Western countries are still home to the world’s wealthiest people, but developing nations are quickly catching them up.
The latest edition of Credit Suisse’s Global Wealth Report finds that despite its current woes Europe has overtaken North America as the region with the most millionaires, with 37.2% of the total compared to North America’s 37%. Japan has 11%, while China has 3.4%. The number of Chinese millionaires has topped a million for the first time.
The report estimates that there are 84,700 ultra-high net worth individuals, classed as people with net assets exceeding $50 million ($36 million). Of these, 29,000 have assets of $100 million and 2,700 have more than $500 million. The largest number of UHNWs live in the US - 35,400, or 42% of the total. This is followed by China with 5,400 (6.4%), Germany with 4,135 (4.9%), Switzerland with 3,820 (4.5%) and Japan with 3,400 (4%).
According to the report, the rich are getting richer. The 29.7 million people whose wealth surpasses $1 million own 38.5% of the world’s wealth, a figure that has risen from 35.6% in 2010. In dollar terms, their wealth has risen by $20 trillion to $89 trillion in a year.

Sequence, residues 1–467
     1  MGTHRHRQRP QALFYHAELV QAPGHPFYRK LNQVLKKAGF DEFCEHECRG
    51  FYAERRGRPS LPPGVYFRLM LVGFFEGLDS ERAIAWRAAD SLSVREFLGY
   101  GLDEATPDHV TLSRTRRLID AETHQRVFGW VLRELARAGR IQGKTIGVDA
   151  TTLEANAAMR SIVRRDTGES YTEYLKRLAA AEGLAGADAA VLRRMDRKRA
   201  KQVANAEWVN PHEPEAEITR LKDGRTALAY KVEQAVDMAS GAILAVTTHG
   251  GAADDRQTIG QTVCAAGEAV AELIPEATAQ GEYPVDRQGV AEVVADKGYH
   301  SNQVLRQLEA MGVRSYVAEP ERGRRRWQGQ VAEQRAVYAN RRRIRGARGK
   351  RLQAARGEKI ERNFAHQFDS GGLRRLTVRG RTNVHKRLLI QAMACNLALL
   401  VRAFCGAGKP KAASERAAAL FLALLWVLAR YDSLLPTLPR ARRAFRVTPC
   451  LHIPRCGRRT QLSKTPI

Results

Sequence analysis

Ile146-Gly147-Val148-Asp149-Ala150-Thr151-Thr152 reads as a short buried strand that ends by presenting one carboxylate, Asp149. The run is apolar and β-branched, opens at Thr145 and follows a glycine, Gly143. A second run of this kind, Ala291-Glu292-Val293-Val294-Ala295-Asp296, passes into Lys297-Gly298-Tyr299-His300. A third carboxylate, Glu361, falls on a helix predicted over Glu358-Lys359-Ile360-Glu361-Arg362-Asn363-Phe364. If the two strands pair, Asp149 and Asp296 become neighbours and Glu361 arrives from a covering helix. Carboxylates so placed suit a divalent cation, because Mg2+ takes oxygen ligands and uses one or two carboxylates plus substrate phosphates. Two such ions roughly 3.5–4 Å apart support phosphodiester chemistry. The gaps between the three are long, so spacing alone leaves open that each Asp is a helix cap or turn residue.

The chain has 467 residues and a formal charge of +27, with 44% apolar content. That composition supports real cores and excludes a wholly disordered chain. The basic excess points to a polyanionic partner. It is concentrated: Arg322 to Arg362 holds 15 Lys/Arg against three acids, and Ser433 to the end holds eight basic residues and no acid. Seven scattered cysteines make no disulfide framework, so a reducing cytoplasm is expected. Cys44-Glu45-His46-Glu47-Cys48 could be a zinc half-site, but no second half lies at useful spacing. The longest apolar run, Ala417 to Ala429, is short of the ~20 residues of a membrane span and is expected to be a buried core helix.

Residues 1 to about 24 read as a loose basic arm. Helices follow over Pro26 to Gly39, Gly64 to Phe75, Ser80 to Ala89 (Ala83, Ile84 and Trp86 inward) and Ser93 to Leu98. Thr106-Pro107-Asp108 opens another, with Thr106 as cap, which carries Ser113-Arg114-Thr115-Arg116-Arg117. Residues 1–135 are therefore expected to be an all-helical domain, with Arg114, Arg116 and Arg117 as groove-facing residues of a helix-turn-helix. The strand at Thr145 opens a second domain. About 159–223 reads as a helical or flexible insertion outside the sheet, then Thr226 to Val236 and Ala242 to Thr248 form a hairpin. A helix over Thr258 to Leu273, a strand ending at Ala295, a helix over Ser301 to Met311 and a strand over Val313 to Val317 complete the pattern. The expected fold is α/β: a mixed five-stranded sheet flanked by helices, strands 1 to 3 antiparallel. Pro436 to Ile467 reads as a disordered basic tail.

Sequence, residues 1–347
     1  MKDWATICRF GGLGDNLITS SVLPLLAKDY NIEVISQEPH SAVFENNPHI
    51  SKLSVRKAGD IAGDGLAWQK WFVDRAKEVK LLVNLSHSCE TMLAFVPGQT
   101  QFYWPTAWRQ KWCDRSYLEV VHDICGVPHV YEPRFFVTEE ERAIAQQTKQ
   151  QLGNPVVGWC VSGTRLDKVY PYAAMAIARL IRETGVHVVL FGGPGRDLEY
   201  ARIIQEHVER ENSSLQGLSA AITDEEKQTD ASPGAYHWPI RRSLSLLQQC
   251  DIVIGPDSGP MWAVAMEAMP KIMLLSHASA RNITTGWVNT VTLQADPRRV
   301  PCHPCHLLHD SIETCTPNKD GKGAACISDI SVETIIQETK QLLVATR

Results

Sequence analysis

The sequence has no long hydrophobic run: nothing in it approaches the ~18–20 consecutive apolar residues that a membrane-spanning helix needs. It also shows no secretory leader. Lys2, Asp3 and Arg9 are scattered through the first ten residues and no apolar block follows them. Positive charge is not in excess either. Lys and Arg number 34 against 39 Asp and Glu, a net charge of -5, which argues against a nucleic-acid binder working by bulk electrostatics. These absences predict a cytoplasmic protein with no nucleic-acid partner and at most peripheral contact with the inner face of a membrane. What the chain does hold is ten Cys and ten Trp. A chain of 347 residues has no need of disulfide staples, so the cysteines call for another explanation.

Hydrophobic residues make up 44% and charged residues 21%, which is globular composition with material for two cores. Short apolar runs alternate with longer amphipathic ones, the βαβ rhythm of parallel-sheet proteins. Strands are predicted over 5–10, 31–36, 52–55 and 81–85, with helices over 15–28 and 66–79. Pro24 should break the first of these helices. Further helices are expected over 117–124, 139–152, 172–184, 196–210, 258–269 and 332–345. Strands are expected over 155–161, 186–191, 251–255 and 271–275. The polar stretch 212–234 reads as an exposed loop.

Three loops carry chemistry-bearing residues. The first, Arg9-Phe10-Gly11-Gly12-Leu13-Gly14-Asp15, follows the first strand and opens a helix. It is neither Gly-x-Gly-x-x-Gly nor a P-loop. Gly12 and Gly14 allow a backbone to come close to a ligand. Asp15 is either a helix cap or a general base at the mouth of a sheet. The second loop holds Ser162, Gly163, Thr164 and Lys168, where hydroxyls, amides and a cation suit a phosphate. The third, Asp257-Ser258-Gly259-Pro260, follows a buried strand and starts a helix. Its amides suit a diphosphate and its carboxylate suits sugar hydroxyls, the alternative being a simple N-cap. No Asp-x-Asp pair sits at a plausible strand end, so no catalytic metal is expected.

The number of wealthy people in developing nations is increasing rapidly. Of the BRIC countries, there are now 1,970 people in Russia with over $50 million, 1,840 in India and 1,520 in Brazil. Credit Suisse estimates that the number of millionaires in developing nations will rise quickly in the next five years, by 134% in China, 155% in Brazil, 197% in Egypt and 242% in South Africa. It predicts that India and Brazil’s combined wealth will double in the same time.
Despite the global economic slowdown, the world’s total wealth increased 14% between January 2010 and June 2011, from $203 trillion to $231 trillion. In the next five years, global wealth is expected to rise by 50% to $345 trillion and wealth per adult to increase 40% to reach $70,700.